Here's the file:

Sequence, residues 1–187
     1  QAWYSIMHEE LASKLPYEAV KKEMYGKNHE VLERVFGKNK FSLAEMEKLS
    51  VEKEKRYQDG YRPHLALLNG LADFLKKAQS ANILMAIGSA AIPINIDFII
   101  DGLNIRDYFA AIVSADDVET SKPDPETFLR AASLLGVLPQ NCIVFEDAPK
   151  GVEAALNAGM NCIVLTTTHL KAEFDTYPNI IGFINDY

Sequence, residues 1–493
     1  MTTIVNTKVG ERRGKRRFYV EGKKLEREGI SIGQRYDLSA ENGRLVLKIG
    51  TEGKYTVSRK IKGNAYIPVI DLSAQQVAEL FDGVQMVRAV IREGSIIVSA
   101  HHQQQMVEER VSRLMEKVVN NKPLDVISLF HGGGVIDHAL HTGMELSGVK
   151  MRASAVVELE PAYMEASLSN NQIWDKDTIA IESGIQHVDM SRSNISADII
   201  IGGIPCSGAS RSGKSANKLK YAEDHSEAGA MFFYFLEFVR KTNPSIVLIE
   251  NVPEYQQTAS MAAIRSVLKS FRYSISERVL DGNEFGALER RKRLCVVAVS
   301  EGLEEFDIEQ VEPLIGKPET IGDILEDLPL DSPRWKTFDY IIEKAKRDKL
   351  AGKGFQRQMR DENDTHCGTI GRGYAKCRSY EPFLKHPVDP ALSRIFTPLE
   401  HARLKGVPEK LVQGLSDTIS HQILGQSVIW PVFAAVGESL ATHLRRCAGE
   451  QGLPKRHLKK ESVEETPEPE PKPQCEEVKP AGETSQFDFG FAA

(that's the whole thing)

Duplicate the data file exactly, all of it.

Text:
Sequence, residues 1–187
     1  QAWYSIMHEE LASKLPYEAV KKEMYGKNHE VLERVFGKNK FSLAEMEKLS
    51  VEKEKRYQDG YRPHLALLNG LADFLKKAQS ANILMAIGSA AIPINIDFII
   101  DGLNIRDYFA AIVSADDVET SKPDPETFLR AASLLGVLPQ NCIVFEDAPK
   151  GVEAALNAGM NCIVLTTTHL KAEFDTYPNI IGFINDY

Sequence, residues 1–493
     1  MTTIVNTKVG ERRGKRRFYV EGKKLEREGI SIGQRYDLSA ENGRLVLKIG
    51  TEGKYTVSRK IKGNAYIPVI DLSAQQVAEL FDGVQMVRAV IREGSIIVSA
   101  HHQQQMVEER VSRLMEKVVN NKPLDVISLF HGGGVIDHAL HTGMELSGVK
   151  MRASAVVELE PAYMEASLSN NQIWDKDTIA IESGIQHVDM SRSNISADII
   201  IGGIPCSGAS RSGKSANKLK YAEDHSEAGA MFFYFLEFVR KTNPSIVLIE
   251  NVPEYQQTAS MAAIRSVLKS FRYSISERVL DGNEFGALER RKRLCVVAVS
   301  EGLEEFDIEQ VEPLIGKPET IGDILEDLPL DSPRWKTFDY IIEKAKRDKL
   351  AGKGFQRQMR DENDTHCGTI GRGYAKCRSY EPFLKHPVDP ALSRIFTPLE
   401  HARLKGVPEK LVQGLSDTIS HQILGQSVIW PVFAAVGESL ATHLRRCAGE
   451  QGLPKRHLKK ESVEETPEPE PKPQCEEVKP AGETSQFDFG FAA